Commodity Futures Trading Commission’s (CFTC) Christy Goldsmith Romero has pointed to the collapse of the Terra ecosystem and its flow-on effects as an example of how contagion risks within crypto markets are similar to those experienced by the traditional financial (TradFi) system during the global financial crisis (GFC) of 2008.
Romero suggested in a speech given at the International Swaps and Derivatives Association’s (ISDA) Crypto Forum on Oct. 26 that increased links between crypto markets and TradFi increases the risk posed by crypto to overall financial stability, noting:
“The digital asset market remains relatively small and contained from the level of systemic risk that would come with greater scale or interconnections with the traditional financial system. But this may not be the case in the near future, particularly given growing interest by traditional finance.”
One area of TradFi the commissioner would prefer to remain distant from crypto is retirement and pension funds. This opinion has likely been influenced by recent events in the United Kingdom, where pension fund issues required intervention from the Bank of England.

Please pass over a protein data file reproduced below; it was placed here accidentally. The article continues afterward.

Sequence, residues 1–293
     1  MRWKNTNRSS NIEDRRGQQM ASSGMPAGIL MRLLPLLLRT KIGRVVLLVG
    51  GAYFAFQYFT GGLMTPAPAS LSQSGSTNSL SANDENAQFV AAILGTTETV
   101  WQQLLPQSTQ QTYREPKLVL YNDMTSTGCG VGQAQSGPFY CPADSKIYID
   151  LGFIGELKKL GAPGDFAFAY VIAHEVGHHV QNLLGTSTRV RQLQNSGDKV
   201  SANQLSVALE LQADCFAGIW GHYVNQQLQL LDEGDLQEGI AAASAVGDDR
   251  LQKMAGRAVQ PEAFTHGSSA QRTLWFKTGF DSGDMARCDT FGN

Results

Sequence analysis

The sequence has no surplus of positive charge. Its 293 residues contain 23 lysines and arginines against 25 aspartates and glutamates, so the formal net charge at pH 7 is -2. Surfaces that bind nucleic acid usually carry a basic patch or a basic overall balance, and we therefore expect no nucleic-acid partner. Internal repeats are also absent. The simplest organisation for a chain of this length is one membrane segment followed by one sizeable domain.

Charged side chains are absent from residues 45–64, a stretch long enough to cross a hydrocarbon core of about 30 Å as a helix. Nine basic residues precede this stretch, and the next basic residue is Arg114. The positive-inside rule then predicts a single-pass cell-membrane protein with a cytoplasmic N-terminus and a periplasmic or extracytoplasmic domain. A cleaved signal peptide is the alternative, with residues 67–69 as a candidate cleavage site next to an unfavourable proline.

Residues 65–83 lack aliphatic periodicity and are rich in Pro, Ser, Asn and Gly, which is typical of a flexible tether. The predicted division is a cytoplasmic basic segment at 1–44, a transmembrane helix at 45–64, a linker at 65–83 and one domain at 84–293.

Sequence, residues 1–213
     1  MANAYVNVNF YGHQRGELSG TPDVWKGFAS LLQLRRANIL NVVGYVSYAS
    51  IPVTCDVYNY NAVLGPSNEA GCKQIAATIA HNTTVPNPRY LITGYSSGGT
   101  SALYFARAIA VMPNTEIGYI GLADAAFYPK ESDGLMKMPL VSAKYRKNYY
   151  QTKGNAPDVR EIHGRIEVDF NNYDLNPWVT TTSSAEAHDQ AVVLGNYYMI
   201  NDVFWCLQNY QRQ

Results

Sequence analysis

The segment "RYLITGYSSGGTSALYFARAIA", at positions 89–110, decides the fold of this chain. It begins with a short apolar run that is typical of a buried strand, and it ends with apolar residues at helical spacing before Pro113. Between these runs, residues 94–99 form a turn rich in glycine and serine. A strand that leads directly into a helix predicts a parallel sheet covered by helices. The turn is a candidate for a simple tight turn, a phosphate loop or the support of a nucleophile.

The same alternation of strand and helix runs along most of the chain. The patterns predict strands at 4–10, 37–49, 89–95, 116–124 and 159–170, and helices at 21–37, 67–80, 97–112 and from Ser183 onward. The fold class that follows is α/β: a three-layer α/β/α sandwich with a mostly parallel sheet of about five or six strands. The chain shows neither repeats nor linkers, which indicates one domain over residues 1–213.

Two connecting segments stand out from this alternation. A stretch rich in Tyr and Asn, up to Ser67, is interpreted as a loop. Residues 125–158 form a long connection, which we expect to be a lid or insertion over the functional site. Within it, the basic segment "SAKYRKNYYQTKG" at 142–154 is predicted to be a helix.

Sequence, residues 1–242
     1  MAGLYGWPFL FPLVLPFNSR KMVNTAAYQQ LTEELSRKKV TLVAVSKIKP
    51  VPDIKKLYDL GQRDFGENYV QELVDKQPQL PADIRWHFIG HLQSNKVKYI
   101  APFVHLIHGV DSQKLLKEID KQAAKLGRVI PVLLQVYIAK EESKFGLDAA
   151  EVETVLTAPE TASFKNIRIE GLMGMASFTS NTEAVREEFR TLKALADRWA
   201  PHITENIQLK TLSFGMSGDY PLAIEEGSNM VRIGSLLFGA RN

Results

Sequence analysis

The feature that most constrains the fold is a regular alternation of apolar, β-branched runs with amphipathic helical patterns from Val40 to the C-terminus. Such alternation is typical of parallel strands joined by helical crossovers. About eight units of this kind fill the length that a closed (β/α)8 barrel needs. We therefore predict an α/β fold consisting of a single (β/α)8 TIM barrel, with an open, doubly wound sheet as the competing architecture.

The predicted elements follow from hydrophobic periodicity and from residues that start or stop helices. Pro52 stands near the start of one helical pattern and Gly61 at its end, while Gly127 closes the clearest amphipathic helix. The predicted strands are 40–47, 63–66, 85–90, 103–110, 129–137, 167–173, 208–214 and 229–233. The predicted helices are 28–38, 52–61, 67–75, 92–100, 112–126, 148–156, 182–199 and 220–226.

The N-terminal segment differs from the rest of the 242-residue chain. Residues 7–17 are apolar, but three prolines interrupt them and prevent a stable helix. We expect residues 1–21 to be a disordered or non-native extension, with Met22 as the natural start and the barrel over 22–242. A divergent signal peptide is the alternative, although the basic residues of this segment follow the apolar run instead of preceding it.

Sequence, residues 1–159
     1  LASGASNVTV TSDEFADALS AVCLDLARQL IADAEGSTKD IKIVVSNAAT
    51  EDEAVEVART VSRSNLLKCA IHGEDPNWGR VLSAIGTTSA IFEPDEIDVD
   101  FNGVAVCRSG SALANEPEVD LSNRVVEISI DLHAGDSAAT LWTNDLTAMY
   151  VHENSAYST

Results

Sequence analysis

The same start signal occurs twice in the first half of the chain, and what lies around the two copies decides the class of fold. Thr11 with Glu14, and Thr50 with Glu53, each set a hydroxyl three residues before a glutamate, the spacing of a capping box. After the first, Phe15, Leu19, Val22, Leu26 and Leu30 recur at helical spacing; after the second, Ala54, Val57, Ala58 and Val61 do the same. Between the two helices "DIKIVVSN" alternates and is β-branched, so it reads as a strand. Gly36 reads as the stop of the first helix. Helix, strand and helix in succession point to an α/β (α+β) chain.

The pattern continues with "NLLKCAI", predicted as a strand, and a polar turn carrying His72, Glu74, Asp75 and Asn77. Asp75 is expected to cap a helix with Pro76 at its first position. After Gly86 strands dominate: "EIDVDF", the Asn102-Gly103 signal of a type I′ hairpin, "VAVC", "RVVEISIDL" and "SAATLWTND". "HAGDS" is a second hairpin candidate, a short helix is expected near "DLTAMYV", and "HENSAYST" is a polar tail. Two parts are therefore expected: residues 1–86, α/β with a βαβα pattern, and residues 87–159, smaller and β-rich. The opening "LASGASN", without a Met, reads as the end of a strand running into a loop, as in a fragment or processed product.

I have significant concerns about the possibility of pensions and retirement funds investing in #Cryptocurency
— Commissioner Christy Goldsmith Romero (@CFTCcgr) October 27, 2022
While Romero cautions the United States to not rush regulations, she supports a “same risk, same regulatory outcome” approach as the level of risk posed by the crypto industry increases, suggesting:
“Similar to post-crisis reforms, Congress can address financial stability risks by providing additional authority to the CFTC.”
The GFC came about after banks began to lend recklessly to people without the means to fully pay back their mortgages. These “subprime” mortgages were bundled together and sold as safe investment products before defaults started a ripple effect that spread across the world.
Related: ‘Secretly circulating’ draft crypto bill could be a ‘boon’ to DeFi
While the CFTC is often regarded as the more crypto-friendly regulator compared to the U.S. Securities and Exchange Commission (SEC), it appears to be attempting to change that image as part of its bid to gain more regulatory oversight after revealing it instigated 18 enforcement actions on the sector throughout the 2022 fiscal year.
One of the more recent CFTC actions was the fine levied at the Ooki DAO and its members, which was heavily criticized by a CFTC commissioner and members of the crypto community, who referred to it as “blatant regulation by enforcement.”
Before this action, decentralized autonomous organizations (DAOs) were regarded by many advocates as being “above the law,” and have resulted in the formation of legal entities within DAOs as a way to limit liability.